CHW to CUC

CHW - WIR Franc (CHW)
CUC - Cuban Convertible Peso (CUC)
1 CHW1 CUC

Currency conversion rates from CHW to CUC

CHWCUC
1 CHW1 CUC
5 CHW5 CUC
10 CHW10 CUC
20 CHW20 CUC
50 CHW50 CUC
100 CHW100 CUC
250 CHW250 CUC
500 CHW500 CUC
1000 CHW1000 CUC
2000 CHW2000 CUC
5000 CHW5000 CUC
10000 CHW10000 CUC
CUCCHW
1 CUC1 CHW
5 CUC5 CHW
10 CUC10 CHW
20 CUC20 CHW
50 CUC50 CHW
100 CUC100 CHW
250 CUC250 CHW
500 CUC500 CHW
1000 CUC1000 CHW
2000 CUC2000 CHW
5000 CUC5000 CHW
10000 CUC10000 CHW

CHW - ()

More information about CHW - ()


CUC - Cuban Convertible Peso (CUC$)

Cuban Convertible Peso

The Cuban Convertible Peso (CUC) is one of two currencies used in Cuba. The other currency is simply called the Cuban Peso and has been in limited use since 1994. Retail stores and other businesses mainly use the Cuban Convertible Peso. The Convertible Peso can only be exchanged in Cuba itself. It is pegged to the US Dollar at par. The Convertible Peso is rated as the strongest Peso currency, as well as the 10th highest currency worldwide.

The Cuban Convertible Peso is the currency in Cuba (CU, CUB). The exchange rate for the Cuban Convertible Peso was last updated on Today from The International Monetary Fund. The CUC conversion factor has 6 significant digits.

Economy

  • Cuba’s economy is run by the state and seen as a planned economy.
  • The majority of the labor force works for the government. The unemployment rate is 1.7%.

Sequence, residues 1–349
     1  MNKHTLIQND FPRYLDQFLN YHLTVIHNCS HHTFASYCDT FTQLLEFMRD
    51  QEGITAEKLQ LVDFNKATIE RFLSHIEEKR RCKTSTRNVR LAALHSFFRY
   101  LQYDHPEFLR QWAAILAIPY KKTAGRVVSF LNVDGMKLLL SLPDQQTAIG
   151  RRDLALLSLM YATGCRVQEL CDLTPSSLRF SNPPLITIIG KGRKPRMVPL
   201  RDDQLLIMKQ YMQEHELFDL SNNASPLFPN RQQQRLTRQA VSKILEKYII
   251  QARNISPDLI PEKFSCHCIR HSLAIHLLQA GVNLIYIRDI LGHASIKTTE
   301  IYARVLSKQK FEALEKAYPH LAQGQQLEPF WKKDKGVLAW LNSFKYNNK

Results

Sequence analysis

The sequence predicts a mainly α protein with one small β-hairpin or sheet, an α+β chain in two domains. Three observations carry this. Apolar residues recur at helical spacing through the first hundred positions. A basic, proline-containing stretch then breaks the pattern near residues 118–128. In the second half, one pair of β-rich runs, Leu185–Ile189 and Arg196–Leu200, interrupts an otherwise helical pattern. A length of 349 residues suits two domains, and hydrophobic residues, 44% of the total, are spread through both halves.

• Services account for 74% of the total GDP.
  • Top industries are tobacco, petroleum, steel, cement, pharmaceuticals, construction, nickel, agricultural machines, and sugar.
  • Export products are tobacco, shellfish, coffee, citrus, and medical products.
  • Import products are chemicals, equipment and machinery, food, and petroleum.
  • Cuba recently started attracting world-class pharmaceutical and biotechnology industries.
  • 80% of Cuba’s food is imported.
  • Tourism is growing rapidly, however the retail sector in Cuba is poorly run.
  • The Netherlands is the largest importer of Cuban products.

History

  • In 1994, the Cuban Convertible Peso was introduced alongside the existing Cuban Peso.
  • Until 2004, Cuba used the Peso (CUP) for non-luxury items and staples; the Convertible Peso and the US Dollar were used mainly in the tourism trade and for luxury items.
  • In 2004, the USD was take off the market due to sanctions. A 10% tax was charged for converting USDs to convertible pesos. This tax does not apply to any other currency.
  • In 2011, Cuba pegged the Convertible Peso to the USD at par.

More information about CUC - Cuban Convertible Peso (CUC$)